Radio Companies Still Having Trouble Figuring Out Who's Listening

from the is-anybody-out-there? dept

Radio stations, like other broadcasters, have been searching for some time for new ways to measure how many people are listening, rather than relying on the old Arbitron system of getting people to fill in diaries of what stations they’ved listened to. Arbitron’s been pushing its Personal People Meter, a device people would wear around that tracks whatever media they consume, for a few years. It’s not been met with a very great response from anybody, and the concept itself seems pretty problematic, for any number of reasons. But the PPM keeps hanging around, and although last month Nielsen said they wouldn’t use the devices, they’ve been annouced as one of three finalists in Clear Channel’s search for new tracking technology. The apparent leader, though, is a company that combines the PPM into a cell phone, which solves one problem — that the PPM is another device to carry around — but not others. What happens if somebody leaves their phone at home, or it’s in a pocket and can’t “hear” anything? Arbitron’s pointed out plenty of problems with the phone approach, but the biggest one is that they’ll simply replace the expense of giving people PPMs with the expense of giving them smartphones that can run the special media-tracking software. But given the way the broadcast industry’s reacted to more accurate tracking in the past, it’s almost as if they’re looking for a system that will tell them what they want to hear, not what’s actually going on.

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Comments on “Radio Companies Still Having Trouble Figuring Out Who's Listening”

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discojohnson says:

Re: Re: Re: Who's Listening?

pop items, eg. pop music, faddish clothing..all the pop culture tangibles. and i think it’s fair to say that most people reading techdirt aren’t spending their money on the same things as many of the americans that fit the demographic above. if it wasn’t true, then those items wouldn’t be making companies money hand over fist.

Dr. Musica says:

Re: Re: Re:3 Who's Listening?

Blink182 is commericial. They sell an image that record labels know will interest the general public. It’s so sad that so many people only hear about certain music throug the radio. Just the other night I over heard someone say something about “..well i liked the ‘original’ punk bands, like blink182 and sum41 and weezer” I almost vomited everywhere while laughing hysterically. I can’t stand ignorance brought on entirely by ones self. There are probably thousands of different ways you can find out about different types of music. and people that make statements like the one i quoted should open their eyes and realize they have no idea what the hell they’re talking about.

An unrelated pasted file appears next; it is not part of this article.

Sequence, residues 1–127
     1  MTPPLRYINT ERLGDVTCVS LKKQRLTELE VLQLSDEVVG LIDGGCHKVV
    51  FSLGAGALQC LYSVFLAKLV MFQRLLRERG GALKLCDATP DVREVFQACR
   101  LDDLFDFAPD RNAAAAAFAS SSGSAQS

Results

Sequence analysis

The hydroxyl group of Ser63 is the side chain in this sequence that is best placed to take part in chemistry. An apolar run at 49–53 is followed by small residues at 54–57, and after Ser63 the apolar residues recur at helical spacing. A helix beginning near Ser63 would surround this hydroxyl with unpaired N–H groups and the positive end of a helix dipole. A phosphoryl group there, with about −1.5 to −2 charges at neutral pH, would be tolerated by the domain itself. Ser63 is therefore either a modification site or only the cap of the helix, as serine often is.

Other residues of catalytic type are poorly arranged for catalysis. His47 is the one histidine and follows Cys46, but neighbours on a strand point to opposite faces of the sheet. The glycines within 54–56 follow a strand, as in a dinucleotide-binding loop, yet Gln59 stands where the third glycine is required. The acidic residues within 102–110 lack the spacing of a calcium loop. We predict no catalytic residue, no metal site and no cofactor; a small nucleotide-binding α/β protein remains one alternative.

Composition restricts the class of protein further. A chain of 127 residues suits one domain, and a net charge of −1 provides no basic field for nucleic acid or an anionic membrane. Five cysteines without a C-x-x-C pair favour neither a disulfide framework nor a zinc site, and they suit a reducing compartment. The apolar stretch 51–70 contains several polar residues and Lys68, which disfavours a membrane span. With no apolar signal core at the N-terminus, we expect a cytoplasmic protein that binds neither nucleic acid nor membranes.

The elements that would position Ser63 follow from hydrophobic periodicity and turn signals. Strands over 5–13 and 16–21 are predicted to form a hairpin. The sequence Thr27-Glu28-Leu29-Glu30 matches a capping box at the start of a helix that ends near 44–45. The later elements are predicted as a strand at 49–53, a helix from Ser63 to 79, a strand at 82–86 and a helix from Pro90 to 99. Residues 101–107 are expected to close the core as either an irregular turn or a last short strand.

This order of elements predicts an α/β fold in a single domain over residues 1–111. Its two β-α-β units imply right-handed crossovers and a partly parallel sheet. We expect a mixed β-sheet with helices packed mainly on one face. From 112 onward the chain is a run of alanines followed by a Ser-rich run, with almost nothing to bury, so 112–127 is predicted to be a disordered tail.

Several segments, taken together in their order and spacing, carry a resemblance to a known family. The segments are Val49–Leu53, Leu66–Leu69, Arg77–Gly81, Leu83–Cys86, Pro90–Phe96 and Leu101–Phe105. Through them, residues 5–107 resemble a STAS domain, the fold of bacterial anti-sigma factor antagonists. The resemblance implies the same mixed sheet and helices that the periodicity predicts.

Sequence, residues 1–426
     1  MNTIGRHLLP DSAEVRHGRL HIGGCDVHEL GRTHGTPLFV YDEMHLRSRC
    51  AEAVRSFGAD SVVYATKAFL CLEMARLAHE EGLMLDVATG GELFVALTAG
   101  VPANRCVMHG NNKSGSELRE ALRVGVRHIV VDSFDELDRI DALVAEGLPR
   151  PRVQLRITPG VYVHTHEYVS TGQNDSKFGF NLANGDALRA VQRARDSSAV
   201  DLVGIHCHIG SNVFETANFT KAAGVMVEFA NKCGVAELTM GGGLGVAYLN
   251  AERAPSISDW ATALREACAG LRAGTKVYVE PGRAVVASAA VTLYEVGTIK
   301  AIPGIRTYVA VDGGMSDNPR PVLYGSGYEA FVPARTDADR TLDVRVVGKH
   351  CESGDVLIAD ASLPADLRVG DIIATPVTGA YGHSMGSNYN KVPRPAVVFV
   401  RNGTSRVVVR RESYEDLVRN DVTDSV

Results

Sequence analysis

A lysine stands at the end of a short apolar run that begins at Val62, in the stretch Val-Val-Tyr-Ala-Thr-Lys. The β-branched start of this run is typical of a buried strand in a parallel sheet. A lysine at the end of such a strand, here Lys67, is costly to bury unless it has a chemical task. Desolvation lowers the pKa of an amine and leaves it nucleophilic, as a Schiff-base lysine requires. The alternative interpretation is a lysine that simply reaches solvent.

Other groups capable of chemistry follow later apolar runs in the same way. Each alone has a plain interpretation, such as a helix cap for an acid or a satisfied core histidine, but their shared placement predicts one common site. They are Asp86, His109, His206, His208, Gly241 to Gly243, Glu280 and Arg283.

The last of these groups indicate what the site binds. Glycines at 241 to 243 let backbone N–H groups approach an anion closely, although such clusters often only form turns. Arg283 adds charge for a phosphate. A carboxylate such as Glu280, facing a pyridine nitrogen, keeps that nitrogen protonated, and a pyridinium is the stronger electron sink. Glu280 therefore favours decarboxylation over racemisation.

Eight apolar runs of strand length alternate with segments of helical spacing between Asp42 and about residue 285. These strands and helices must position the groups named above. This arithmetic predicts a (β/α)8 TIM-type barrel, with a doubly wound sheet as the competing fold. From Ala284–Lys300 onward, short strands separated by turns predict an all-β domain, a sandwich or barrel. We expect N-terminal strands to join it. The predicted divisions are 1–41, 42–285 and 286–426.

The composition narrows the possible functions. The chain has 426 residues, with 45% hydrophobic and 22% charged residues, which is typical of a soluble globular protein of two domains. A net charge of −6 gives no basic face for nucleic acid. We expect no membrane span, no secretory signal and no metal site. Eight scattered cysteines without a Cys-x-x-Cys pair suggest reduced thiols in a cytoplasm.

Professor HighBrow says:

Re: Who's Listening?



Tell ya what, you can implant a “media consumption” tracking device in my scalp for $2,000,000.

This way, you can intercept all the radio waves I’m exposed to and even anylize the sounds I lisen to through the use of a tiny microphone.

Maybe my credit rating could be on there too, so that I don’t have to swipe my card anymore, I can just walk through a special detector.

Why not just issue me a number as well… woops already did that…

Plus, wouldn’t it be great if your company could know where I am at all times?

Sound’s like wearing a house arrest ankle bracelet.

–Prof. HighBrow

Jobe (user link) says:

Part of the problem is that the radio isn’t playing anything good (how many times have you read about payola schemes), it’s always the same few songs, until there is a newly released song.

Doesn’t help that there hasn’t been much good music coming out also.

And don’t forget about all of them commercials on the radio, or the lack of locally owned radio stations. Most are now owned by corporations.

Anonymous Coward says:

the stupid Blink example

ignoring the fact that blink182 sucks….and assuming they WERE refering to a good band instead….

If the clearchannel stations didn’t play 1 song so many times you want to rip out your eardrums the next time you hear it, I might have bought a lot more music in the last few years. The music I buy is the music i don’t hear every time i turn the radio on whether i want to or not.

There are too many ways to find out about new (or just previously unknown to you) music that don’t involve being force-fed crap.

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